Collegiate-style wrestling, also known as folkstyle or scholastic, is a form of wrestling native to the United States.
Collegiate-style wrestling, also known as folkstyle or scholastic, is a form of wrestling native to the United States. This style of wrestling is practiced in U.S. secondary schools, colleges and universities, and in many wrestling clubs. One feature that makes collegiate-style wrestling different from freestyle is that a wrestler must hold the opponent’s shoulders to the mat for one second to earn a fall. Collegiate-style wrestling rewards wrestlers with “near falls,” worth two or three points, for holding an opponent close to his or her back. Collegiate wrestlers earn credit for “riding time,” or time during which they control their opponent on the mat. “Riding time” points are unique to college wrestling and do not play a factor in the high school sport.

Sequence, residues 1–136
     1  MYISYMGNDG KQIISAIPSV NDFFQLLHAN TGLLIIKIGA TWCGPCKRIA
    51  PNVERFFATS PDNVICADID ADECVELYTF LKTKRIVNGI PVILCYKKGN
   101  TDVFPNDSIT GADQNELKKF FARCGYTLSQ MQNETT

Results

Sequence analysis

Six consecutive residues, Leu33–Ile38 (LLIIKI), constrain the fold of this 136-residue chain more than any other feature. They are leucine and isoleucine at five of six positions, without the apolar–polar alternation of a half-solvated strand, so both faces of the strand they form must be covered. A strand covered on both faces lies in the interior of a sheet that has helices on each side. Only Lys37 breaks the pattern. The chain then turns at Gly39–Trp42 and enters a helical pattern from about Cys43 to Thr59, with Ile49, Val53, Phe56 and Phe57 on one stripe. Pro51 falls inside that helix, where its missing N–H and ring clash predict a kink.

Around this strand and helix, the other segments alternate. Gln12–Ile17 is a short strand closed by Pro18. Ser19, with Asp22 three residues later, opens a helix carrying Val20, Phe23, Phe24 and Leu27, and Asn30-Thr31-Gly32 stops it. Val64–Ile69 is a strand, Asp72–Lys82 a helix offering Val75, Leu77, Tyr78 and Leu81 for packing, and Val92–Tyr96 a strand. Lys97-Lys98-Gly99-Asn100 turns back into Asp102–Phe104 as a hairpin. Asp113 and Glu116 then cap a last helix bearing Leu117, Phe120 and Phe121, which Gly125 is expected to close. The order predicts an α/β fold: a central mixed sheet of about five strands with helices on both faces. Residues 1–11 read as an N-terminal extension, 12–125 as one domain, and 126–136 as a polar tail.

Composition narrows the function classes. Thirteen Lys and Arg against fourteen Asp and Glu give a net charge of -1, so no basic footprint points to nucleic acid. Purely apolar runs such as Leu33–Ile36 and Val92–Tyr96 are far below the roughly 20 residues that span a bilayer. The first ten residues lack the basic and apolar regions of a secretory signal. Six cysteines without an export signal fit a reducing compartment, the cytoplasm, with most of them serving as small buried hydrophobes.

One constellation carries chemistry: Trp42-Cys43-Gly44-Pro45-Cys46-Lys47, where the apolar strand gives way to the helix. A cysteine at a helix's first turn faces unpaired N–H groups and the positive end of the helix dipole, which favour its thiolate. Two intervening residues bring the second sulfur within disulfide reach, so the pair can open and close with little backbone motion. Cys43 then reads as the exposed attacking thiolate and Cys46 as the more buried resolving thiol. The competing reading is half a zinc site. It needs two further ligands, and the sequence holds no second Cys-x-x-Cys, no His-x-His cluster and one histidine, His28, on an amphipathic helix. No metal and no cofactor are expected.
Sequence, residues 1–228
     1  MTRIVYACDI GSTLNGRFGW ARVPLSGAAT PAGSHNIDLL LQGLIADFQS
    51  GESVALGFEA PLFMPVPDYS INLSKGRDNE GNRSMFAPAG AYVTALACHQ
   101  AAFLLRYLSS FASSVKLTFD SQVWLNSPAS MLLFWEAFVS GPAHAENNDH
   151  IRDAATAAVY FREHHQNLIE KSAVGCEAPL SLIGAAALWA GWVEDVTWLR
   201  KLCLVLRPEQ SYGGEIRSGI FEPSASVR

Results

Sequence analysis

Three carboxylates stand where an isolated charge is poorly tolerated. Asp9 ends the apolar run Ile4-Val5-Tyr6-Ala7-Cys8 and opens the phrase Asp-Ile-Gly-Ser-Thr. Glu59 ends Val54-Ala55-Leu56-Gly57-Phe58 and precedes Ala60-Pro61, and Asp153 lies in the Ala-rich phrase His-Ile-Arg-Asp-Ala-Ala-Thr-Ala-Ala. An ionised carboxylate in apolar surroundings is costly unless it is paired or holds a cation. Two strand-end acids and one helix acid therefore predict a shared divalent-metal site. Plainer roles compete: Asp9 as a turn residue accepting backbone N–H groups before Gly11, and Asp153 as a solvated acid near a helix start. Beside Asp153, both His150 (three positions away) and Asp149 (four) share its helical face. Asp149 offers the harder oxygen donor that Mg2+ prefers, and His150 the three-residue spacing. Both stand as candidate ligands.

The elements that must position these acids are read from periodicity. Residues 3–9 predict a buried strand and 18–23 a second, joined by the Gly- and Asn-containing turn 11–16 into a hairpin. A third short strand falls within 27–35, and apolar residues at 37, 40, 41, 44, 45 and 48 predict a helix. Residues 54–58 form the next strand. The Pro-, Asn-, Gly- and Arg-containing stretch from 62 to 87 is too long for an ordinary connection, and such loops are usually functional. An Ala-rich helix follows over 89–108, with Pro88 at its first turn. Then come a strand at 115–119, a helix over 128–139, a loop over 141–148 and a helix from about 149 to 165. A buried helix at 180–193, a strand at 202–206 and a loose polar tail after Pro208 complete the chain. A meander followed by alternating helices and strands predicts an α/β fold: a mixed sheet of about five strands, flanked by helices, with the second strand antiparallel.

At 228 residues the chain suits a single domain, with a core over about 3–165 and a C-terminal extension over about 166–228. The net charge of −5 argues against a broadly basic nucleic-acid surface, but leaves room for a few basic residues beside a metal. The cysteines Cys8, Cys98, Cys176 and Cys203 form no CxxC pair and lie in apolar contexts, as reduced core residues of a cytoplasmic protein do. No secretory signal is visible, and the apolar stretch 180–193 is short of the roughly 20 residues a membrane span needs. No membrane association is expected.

The National Collegiate Athletic Association (NCAA) supervises college wrestling, while the National Federation of State High School Athletic Associations (NFSHSAA) governs high school wrestling. The NCAA collegiate-style bout is 7 minutes long, with a 3-minute first period followed by two 2-minute periods. Bouts that are tied at the end of regulation go into an overtime period. High school matches are 6 minutes long, with three 2-minute periods.